Cybersecurity Risks in Complex IoT Environments Risks in Complex IoT Environments: Stephen Hilt, Numaan

  • View
    212

  • Download
    0

Embed Size (px)

Text of Cybersecurity Risks in Complex IoT Environments Risks in Complex IoT Environments: Stephen Hilt,...

Cybersecurity Risks in Complex IoT Environments:

Stephen Hilt, Numaan Huq, Martin Rsler, and Akira Urano

Threats to Smart Homes, Buildings and Other Structures

TREND MICRO LEGAL DISCLAIMER

The information provided herein is for general information

and educational purposes only. It is not intended and

should not be construed to constitute legal advice. The

information contained herein may not be applicable to all

situations and may not reflect the most current situation.

Nothing contained herein should be relied on or acted

upon without the benefit of legal advice based on the

particular facts and circumstances presented and nothing

herein should be construed otherwise. Trend Micro

reserves the right to modify the contents of this document

at any time without prior notice.

Translations of any material into other languages are

intended solely as a convenience. Translation accuracy

is not guaranteed nor implied. If any questions arise

related to the accuracy of a translation, please refer to

the original language official version of the document. Any

discrepancies or differences created in the translation are

not binding and have no legal effect for compliance or

enforcement purposes.

Although Trend Micro uses reasonable efforts to include

accurate and up-to-date information herein, Trend Micro

makes no warranties or representations of any kind as

to its accuracy, currency, or completeness. You agree

that access to and use of and reliance on this document

and the content thereof is at your own risk. Trend Micro

disclaims all warranties of any kind, express or implied.

Neither Trend Micro nor any party involved in creating,

producing, or delivering this document shall be liable

for any consequence, loss, or damage, including direct,

indirect, special, consequential, loss of business profits,

or special damages, whatsoever arising out of access to,

use of, or inability to use, or in connection with the use of

this document, or any errors or omissions in the content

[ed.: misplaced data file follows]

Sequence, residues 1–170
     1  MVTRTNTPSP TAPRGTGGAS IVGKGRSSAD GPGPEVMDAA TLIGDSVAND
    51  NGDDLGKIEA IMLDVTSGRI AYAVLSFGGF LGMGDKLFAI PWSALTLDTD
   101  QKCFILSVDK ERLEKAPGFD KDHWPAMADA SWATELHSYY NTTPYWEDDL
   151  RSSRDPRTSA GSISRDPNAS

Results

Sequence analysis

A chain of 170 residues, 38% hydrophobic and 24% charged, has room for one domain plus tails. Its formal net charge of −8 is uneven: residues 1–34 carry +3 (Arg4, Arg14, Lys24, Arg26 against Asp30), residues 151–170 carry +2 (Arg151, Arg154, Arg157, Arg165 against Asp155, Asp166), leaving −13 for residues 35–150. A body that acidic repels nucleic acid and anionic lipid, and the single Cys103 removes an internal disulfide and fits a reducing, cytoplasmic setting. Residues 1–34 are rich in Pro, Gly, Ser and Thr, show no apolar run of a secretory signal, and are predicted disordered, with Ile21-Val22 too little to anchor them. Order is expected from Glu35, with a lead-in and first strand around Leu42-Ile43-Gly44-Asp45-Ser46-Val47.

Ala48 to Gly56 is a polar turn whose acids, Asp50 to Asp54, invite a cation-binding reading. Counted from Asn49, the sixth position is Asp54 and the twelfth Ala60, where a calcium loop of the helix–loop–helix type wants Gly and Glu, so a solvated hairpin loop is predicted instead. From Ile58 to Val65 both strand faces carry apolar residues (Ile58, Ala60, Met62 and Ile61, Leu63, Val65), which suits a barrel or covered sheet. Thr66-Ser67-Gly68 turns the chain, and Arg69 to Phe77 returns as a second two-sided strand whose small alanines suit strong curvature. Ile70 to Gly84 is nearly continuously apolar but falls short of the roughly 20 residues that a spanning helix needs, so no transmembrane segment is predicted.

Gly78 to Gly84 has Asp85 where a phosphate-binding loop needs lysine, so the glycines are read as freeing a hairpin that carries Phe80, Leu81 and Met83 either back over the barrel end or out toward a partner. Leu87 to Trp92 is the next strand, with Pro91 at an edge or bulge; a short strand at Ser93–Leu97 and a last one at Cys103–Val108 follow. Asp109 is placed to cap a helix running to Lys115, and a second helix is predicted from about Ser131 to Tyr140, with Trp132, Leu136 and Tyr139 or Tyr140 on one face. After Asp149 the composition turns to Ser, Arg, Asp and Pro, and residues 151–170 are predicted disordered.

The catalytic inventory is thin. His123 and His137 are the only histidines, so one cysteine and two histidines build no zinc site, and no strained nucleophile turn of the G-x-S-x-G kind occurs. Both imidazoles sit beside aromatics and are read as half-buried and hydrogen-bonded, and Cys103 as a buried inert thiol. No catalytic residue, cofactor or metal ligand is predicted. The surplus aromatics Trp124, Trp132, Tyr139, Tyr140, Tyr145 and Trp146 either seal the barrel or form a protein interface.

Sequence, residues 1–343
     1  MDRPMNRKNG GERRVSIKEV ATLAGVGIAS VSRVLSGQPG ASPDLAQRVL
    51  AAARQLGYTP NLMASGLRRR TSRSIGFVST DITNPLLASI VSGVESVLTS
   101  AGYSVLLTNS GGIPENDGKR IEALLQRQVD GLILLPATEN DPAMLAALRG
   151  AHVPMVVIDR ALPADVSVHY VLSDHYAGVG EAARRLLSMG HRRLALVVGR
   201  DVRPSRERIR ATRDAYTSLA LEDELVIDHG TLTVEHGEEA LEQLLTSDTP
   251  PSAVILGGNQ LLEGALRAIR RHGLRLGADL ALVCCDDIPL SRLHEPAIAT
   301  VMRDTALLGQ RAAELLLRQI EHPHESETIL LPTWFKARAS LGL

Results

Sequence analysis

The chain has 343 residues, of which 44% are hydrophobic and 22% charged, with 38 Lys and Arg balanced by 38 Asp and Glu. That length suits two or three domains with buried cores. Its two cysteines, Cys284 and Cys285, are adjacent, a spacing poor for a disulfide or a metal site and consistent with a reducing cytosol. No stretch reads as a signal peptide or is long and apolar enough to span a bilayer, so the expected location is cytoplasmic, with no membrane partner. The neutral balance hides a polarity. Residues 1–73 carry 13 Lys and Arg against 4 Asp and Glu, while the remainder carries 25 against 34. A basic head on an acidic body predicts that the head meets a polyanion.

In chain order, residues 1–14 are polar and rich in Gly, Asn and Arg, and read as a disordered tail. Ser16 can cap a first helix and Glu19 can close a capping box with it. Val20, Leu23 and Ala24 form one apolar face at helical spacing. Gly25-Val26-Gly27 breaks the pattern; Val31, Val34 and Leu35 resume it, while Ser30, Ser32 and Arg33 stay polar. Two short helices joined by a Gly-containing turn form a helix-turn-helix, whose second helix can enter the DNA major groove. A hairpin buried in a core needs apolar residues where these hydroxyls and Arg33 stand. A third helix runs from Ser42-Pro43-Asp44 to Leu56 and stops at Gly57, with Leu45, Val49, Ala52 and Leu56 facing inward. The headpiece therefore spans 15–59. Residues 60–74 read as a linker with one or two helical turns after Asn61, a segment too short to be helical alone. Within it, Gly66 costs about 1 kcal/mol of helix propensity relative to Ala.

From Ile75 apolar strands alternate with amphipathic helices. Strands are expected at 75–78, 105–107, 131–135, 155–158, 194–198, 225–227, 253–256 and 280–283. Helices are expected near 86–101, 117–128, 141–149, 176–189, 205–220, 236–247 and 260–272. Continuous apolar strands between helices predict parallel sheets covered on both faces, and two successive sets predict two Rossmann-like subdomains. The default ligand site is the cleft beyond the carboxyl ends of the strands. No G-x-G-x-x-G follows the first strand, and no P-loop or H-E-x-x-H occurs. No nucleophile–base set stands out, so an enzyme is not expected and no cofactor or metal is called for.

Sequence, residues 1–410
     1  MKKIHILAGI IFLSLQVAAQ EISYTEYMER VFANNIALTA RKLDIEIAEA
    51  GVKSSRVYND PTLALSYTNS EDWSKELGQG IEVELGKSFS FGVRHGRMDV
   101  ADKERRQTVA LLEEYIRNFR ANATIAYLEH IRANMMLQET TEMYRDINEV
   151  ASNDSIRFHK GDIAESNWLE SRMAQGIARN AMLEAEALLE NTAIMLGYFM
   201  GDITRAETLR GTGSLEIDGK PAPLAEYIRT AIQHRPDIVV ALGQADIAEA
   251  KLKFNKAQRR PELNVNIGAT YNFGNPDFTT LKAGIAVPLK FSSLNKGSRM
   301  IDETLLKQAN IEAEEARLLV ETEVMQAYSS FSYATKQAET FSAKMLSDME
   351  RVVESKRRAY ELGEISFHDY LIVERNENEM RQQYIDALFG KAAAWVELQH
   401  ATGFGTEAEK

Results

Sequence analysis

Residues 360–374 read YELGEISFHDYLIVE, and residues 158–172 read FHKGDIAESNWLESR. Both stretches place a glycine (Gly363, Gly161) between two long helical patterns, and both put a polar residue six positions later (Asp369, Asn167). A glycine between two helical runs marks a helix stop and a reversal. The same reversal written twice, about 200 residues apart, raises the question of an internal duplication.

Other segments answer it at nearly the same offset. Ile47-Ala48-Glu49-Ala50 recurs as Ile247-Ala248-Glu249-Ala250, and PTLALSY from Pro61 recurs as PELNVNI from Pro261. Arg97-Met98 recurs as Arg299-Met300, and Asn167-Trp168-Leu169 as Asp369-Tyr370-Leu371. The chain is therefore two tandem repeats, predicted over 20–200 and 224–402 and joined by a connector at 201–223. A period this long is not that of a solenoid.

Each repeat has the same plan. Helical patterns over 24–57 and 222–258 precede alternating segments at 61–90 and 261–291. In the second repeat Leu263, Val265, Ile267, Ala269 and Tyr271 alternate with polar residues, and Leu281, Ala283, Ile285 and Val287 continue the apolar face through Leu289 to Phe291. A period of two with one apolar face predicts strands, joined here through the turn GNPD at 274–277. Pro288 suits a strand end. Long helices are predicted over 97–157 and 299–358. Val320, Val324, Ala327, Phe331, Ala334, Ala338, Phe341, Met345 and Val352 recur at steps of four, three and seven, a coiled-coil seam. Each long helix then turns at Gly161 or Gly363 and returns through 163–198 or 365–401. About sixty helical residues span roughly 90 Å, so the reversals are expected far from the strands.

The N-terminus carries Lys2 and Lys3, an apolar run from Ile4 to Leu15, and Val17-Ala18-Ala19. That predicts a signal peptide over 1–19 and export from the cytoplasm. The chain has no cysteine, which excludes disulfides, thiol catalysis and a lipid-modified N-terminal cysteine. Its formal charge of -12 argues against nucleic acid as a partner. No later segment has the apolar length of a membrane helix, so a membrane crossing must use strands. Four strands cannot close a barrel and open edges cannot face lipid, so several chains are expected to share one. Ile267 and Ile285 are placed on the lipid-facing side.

thereof. Use of this information constitutes acceptance for

use in an as is condition.

Contents

1. Introduction

4

2. Complex IoT Environments

7

3. Attacks Against Complex IoT

Environments

17

4. Exposed IoT Automation Servers

26

5. Protecting Complex IoT Environments

40

6. Conclusion

43

For Raimund Genes (1963-2017)

Published by to:

Trend Micro Research

Written by:

Stephen Hilt, Numaan Huq, Martin Rsler, and Akira Urano

Stock images used under license from

Shutterstock.com

Structures that integrate IoT technology are now evolving into what we call

complex IoT environments (CIEs). We define CIEs as having a minimum of 10

internet of things (IoT) devices integrated into an environment using an IoT

automation platform that functionally chains the devices together to create smart

applications. The more familiar implementation of a CIE is the smart home, but

CIEs are not restricted to that; IoT automation platforms can be scaled up to

control devices in bigger structures like smart buildings.

Due to the increasing availability of IoT devices and accessibility of automation

platforms, the adoption of smart homes and smart buildings is accelerating.

The convenience and speed, however, come with risks. To enable IoT devices to

simplify and improve our lives, rules written in automation platforms are becoming

more and more complex. This opens up new attack avenues that havent been

explored in depth before because the main focus of smart home security research

today has been on how individual IoT devices might be attacked.

We sought to fill this gap by setting up two smart home laboratories, one in Germany

and one in the U.S., fitted with a wide variety of IoT devices and using different

automation platforms. Through these smart home labs, we explored the working

components of CIEs, that is, IoT automation servers and smart applications, as

well as attack surfaces and common security problems.

In this paper, we discuss smart home setups, common automation platforms and

supported protocols, and our smart home labs configurations. We then describe

potential risks and smart attacks against CIEs, including attacks on smart locks

and speakers, exposed sensitive information, and injection of logic bugs. We also

give a rundown of exposed and unsecured IoT automation servers that we found